THE young ballerina in the blue tutu kept her balance and finished with a flourish of pirouettes. Relief showed as she took her bows on the famed raked wooden stage of the Bolshoi Theater in Moscow before one of the greatest names in the ballet world - Galina Ulanova.
While the audience applauded and Miss Ulanova and other members of the jury marked their ballots, No. 33 in the Moscow International Ballet Competition, Dalia Imanich, ran off to prepare for the other two variations she had to dance before the evening ended.
Dalia was one of the 66 young candidates striving for stardom at the Olympic-style competition, held every four years in the halls of the Bolshoi Theater. This year, the seventh Moscow event, there were competitors from 22 countries, including for the first time Albania, Korea, and England.
Dalia is from Yugoslavia. She used to live in Sarajevo but had to flee to Belgrade with her mother in order to continue her ballet studies after the fighting began. Because of the political and economic situation there, it has been no easy task to get to Moscow.
Dalia's coach, Zoe Begoli, spoke with great feeling and gratitude that her country had been invited to compete. ``It's so good to know that people realize we don't just have war in our country, that there is another side to Yugoslavia. Thank you for including us,'' she said.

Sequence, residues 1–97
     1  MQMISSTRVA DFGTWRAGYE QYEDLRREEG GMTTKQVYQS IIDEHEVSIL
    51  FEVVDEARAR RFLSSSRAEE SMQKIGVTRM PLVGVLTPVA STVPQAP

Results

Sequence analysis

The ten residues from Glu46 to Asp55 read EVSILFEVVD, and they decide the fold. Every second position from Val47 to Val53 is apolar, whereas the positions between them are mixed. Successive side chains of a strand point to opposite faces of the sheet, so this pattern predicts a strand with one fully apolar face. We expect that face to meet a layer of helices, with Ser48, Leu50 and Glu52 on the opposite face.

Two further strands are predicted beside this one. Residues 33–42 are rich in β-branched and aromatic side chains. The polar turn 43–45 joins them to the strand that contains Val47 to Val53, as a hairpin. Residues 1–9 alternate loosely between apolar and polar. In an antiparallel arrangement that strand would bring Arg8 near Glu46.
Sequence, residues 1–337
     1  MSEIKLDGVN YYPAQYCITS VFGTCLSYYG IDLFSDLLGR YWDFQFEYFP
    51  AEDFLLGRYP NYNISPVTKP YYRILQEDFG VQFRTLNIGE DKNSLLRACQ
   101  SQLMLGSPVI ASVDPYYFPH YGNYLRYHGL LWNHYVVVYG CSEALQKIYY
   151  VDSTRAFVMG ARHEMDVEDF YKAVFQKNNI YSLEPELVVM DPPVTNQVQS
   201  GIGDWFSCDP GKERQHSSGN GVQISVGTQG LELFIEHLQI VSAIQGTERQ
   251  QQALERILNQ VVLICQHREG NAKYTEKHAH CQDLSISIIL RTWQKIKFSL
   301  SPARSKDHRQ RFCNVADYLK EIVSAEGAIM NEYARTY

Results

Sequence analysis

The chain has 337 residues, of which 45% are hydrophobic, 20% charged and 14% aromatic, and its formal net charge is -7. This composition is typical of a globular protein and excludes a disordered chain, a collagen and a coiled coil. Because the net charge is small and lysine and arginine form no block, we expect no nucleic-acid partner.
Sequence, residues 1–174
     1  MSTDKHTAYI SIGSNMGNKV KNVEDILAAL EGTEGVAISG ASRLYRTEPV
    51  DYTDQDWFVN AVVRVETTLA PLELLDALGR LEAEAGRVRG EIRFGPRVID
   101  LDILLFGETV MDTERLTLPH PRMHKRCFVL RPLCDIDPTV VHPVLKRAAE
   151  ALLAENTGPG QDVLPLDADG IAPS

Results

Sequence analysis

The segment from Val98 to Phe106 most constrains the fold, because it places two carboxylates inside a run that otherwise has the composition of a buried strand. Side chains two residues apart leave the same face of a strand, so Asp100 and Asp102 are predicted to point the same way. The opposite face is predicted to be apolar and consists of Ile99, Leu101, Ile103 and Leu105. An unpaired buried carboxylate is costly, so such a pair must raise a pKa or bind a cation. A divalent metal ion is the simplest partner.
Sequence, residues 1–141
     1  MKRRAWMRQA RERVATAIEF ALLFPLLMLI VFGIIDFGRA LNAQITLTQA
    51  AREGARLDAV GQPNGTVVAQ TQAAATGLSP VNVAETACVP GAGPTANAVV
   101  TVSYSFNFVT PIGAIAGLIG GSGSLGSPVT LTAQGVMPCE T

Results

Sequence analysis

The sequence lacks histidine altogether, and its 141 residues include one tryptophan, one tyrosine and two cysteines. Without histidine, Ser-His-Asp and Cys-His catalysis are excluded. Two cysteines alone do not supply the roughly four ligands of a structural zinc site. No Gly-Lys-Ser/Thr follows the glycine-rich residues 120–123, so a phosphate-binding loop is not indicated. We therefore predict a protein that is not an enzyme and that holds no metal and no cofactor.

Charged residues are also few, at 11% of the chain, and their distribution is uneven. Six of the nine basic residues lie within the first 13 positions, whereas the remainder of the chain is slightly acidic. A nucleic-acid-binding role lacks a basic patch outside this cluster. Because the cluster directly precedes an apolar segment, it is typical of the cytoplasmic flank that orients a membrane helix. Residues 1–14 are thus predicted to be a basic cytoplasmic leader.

An Austrian trading company in Moscow was instrumental in funding the Yugoslavians' trip and providing Dalia with the numerous pairs of pink satin ballet shoes needed for the competition.
Of the four major international ballet competitions - Moscow; Helsinki; Varna, Bulgaria; and Jackson, Miss. - Moscow has always been the most prestigious. For many of its competitors, the once-in-a-lifetime opportunity to dance on the Bolshoi stage in front of world-renowned judges is enough to kindle a desire to enter.
Focus on Marius Petipa
Since its first competition in 1969, Moscow has discovered many new talents - dancers who have gone on to stardom such as Mikhail Baryshnikov, Nadezhda Pavlova, Nina Ananiashvili, Irek Mukhamedov, Amanda McKerrow, Andris Liepa, and Julio Bocca.
The competition this year was dedicated to the choreographer Marius Petipa, born 175 years ago. Considered the father of classical Russian choreography, he created such masterpieces as ``The Sleeping Beauty,'' ``Swan Lake,'' and ``La Bayadere'' for the Imperial Russian Ballet. His works require a solid base in the academics of ballet while demanding purity, artistry, and fluidity in their interpretation.
While the first and second round allowed works from the extensive classical repertoire, the mandatory program of the third round was devoted to works that Petipa created in Russian. It proved a challenge that quickly separated those with only flair and flourish from those who offered true ballerina or danseur quality. The results were both surprising and disappointing. Russian-Japanese rivalry